The final twisty tale from the modern spymaster John le Carré.
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Julian Lawndsley has renounced his high-flying job in the city for a simpler life running a bookshop in a small English seaside town. But only a couple of months into his new career, Julian's evening is disrupted by a visitor. Edward, a Polish emigre living in Silverview, the big house on the edge of town, seems to know a lot about Julian's family and is rather too interested in the inner workings of his modest new enterprise.
When a letter turns up at the door of a spy chief in London warning him of a dangerous leak, the investigations lead him to this quiet town by the sea . . .
Silverview is the mesmerizing story of an encounter between innocence and experience and between public duty and private morals. In his inimitable voice, John le Carré, the greatest chronicler of our age, seeks to answer the question of what we truly owe to the people we love.
At ten o’clock of a rainswept morning in London’s West End, a young woman in a baggy anorak, a woollen scarf pulled up around her head, strode resolutely into the storm that was roaring down South Audley Street. Her name was Lily and she was in a state of emotional anxiety which at moments turned to outrage. With one mittened hand she shielded her eyes from the rain while she glowered at door numbers, and with the other steered a plastic- covered push-chair that contained Sam, her two- year- old son. Some houses were so grand they had no numbers at all. Others had numbers but belonged to the wrong street.
Arriving at a pretentious doorway with its number painted with unusual clarity on one pillar, she climbed the steps backwards, hauling the pushchair after her, scowled at a list of names beside the owners’ bell buttons, and jabbed the lowest.
‘Just give the door a push, dear,’ a kindly woman’s voice advised her over the speaker.
‘I need Proctor. She said Proctor or no one,’ Lily said, straight back.
‘Stewart’s on his way now, dear,’ the same soothing voice announced, and seconds later the front door opened to reveal a stalky, bespectacled man in his mid-fifties, with a leftward lean to his body, and a long beakish head tilted in semi-humorous enquiry. A matronly woman with white hair and a cardigan stood at his shoulder.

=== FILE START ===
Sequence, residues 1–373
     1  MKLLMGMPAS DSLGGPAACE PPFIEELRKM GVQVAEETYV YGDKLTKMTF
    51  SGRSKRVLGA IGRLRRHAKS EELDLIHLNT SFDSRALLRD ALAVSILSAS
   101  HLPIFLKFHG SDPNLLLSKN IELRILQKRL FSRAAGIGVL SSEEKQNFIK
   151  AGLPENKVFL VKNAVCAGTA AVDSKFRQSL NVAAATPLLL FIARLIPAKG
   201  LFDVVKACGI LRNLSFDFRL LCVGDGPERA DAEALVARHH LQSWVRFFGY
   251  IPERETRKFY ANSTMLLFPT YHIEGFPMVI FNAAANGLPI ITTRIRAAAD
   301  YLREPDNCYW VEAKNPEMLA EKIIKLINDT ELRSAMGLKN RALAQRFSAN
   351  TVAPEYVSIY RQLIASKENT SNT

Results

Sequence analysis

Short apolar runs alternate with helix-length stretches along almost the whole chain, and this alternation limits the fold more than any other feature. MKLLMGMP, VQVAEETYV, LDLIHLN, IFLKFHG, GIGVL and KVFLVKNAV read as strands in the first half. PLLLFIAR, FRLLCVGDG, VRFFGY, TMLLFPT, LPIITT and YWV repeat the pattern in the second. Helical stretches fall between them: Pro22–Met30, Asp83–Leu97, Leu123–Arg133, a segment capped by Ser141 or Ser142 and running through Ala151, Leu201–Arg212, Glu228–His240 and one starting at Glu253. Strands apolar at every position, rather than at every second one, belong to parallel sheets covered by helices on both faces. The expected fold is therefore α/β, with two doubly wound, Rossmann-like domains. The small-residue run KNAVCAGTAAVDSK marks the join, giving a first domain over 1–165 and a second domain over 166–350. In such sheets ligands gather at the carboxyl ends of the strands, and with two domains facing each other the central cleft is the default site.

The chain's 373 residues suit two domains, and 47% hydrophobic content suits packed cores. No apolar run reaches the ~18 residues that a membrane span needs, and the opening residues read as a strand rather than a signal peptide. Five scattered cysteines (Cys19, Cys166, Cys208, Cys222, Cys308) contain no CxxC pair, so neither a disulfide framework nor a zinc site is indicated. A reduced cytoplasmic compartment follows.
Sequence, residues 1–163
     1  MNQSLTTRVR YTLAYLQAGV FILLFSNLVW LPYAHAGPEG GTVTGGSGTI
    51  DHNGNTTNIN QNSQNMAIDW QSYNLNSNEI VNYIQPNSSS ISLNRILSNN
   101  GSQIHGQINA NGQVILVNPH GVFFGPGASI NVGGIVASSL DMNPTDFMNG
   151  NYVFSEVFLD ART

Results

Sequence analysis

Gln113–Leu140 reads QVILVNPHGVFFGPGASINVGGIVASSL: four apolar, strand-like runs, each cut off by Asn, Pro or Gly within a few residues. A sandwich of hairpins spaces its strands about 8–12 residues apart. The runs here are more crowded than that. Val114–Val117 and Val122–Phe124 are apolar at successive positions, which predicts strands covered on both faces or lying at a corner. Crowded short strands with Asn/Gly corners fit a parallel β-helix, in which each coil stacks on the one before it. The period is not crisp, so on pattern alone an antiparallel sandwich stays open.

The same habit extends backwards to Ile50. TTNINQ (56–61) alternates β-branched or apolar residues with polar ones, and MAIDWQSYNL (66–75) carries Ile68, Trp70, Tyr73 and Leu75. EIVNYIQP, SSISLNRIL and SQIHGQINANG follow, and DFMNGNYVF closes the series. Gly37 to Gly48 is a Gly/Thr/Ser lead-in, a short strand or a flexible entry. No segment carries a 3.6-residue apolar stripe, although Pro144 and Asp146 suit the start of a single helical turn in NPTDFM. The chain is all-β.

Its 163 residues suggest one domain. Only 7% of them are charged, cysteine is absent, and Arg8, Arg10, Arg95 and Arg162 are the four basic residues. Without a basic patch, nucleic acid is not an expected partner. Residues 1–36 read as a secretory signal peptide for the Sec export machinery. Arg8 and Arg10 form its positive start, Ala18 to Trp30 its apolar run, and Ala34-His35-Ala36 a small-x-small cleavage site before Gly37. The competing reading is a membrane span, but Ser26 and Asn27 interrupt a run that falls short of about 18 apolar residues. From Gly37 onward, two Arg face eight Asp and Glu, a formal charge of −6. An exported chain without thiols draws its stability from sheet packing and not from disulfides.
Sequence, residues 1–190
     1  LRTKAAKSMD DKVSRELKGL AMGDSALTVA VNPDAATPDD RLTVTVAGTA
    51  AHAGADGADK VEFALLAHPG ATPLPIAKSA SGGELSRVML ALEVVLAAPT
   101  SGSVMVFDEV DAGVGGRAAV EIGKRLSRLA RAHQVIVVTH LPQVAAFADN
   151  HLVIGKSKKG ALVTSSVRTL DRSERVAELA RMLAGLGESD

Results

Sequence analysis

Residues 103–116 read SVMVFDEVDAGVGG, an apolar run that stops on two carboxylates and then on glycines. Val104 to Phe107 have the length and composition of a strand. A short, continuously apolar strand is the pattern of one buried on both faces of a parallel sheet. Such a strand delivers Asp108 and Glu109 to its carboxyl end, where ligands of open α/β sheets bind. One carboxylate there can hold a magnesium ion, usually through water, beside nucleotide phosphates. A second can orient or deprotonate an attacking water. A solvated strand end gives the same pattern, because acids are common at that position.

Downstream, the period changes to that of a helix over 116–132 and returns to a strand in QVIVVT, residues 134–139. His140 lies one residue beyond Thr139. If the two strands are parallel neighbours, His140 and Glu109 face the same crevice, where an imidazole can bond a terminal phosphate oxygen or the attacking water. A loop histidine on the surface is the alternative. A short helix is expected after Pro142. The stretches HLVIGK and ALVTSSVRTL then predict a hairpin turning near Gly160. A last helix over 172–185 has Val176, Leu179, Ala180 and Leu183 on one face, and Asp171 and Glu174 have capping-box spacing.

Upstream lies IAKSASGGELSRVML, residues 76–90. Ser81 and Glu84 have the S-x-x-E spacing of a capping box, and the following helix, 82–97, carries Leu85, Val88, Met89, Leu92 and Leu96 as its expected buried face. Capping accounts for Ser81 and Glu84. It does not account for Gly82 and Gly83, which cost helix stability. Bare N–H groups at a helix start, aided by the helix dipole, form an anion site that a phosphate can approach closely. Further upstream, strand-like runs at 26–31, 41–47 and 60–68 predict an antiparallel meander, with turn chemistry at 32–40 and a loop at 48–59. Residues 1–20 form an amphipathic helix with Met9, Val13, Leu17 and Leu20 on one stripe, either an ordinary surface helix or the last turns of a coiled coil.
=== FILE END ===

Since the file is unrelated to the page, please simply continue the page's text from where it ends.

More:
Why I love it
BOTM Editorial Team
A former MI5 intelligence officer, John le Carré captured the imagination of millions of readers around the world with his twisty, authentic espionage novels, penning over two dozen books over the course of his illustrious second career. And with this, his final posthumously published novel, readers are given one final journey into the mind of the spy thriller master.
In Silverview we are introduced to Julian Lawndsley, a man whose quiet life running a small-town bookshop is turned upside down when a mysterious visitor comes knocking with far too many questions. Soon word of an intelligence leak brings a spy to Lawndsley’s seaside town. What follows is a thoughtful and complex story of secrets and betrayals.
Whether you are a longtime fan of le Carré’s work or dipping into his world of espionage for the very first time, I think you’ll find Silverview to be a thought-provoking narrative from a writer in a league of his own.
Member ratings (824)
West Hollywood, CA
Admittedly I’m a John le Carrè enthusiast, and this book does not disappoint! Brimming with the intrigue, psychological gamesmanship, and emotional repression that le Carrè did so well! Fantastic!!!
A subtle, quiet story that completely sucked me in. I liked the twists and turns of a spy story - but it's not all espionage and drama. It's much more about later in life, after being a spy. Wonderful
Glendale Heights, IL
Based on reviews, I was worried this would be a letdown for a long-time fan, but I loved this poignant story! It felt fitting as his final work as it asks questions about the purpose/point of spy life
La Mesa, CA
Got this book for my husband who is a Le Carre fan and he absolutely loved it! Made him want to go back and reread them all. This was a treat and a rare book I could get in my box for him.
LeCarre was still in the top of his form when he wrote this, his last book..Bravo!!!! Wants me want to go back and catch up on what I missed and reread the others.